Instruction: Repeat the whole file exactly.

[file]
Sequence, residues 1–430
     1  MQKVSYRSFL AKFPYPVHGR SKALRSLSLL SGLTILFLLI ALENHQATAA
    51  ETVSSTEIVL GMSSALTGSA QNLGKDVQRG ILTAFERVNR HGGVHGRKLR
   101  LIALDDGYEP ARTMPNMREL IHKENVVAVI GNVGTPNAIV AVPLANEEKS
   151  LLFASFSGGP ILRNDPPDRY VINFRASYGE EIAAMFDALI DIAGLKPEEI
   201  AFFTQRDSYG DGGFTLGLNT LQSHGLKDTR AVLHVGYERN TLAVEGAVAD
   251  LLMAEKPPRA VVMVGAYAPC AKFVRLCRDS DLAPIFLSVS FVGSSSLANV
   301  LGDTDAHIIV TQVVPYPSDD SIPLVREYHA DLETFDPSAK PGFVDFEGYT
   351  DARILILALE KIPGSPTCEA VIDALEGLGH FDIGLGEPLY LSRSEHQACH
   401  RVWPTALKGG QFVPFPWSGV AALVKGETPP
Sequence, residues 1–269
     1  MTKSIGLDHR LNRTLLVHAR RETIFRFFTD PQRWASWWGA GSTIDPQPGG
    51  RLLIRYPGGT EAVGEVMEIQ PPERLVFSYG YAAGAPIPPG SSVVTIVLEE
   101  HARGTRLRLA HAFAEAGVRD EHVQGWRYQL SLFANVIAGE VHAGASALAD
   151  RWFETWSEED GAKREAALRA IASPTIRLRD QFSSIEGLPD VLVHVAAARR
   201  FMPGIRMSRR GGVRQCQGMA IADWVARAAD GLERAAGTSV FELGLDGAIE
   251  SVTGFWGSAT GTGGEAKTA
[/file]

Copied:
Sequence, residues 1–430
     1  MQKVSYRSFL AKFPYPVHGR SKALRSLSLL SGLTILFLLI ALENHQATAA
    51  ETVSSTEIVL GMSSALTGSA QNLGKDVQRG ILTAFERVNR HGGVHGRKLR
   101  LIALDDGYEP ARTMPNMREL IHKENVVAVI GNVGTPNAIV AVPLANEEKS
   151  LLFASFSGGP ILRNDPPDRY VINFRASYGE EIAAMFDALI DIAGLKPEEI
   201  AFFTQRDSYG DGGFTLGLNT LQSHGLKDTR AVLHVGYERN TLAVEGAVAD
   251  LLMAEKPPRA VVMVGAYAPC AKFVRLCRDS DLAPIFLSVS FVGSSSLANV
   301  LGDTDAHIIV TQVVPYPSDD SIPLVREYHA DLETFDPSAK PGFVDFEGYT
   351  DARILILALE KIPGSPTCEA VIDALEGLGH FDIGLGEPLY LSRSEHQACH
   401  RVWPTALKGG QFVPFPWSGV AALVKGETPP
Sequence, residues 1–269
     1  MTKSIGLDHR LNRTLLVHAR RETIFRFFTD PQRWASWWGA GSTIDPQPGG
    51  RLLIRYPGGT EAVGEVMEIQ PPERLVFSYG YAAGAPIPPG SSVVTIVLEE
   101  HARGTRLRLA HAFAEAGVRD EHVQGWRYQL SLFANVIAGE VHAGASALAD
   151  RWFETWSEED GAKREAALRA IASPTIRLRD QFSSIEGLPD VLVHVAAARR
   201  FMPGIRMSRR GGVRQCQGMA IADWVARAAD GLERAAGTSV FELGLDGAIE
   251  SVTGFWGSAT GTGGEAKTA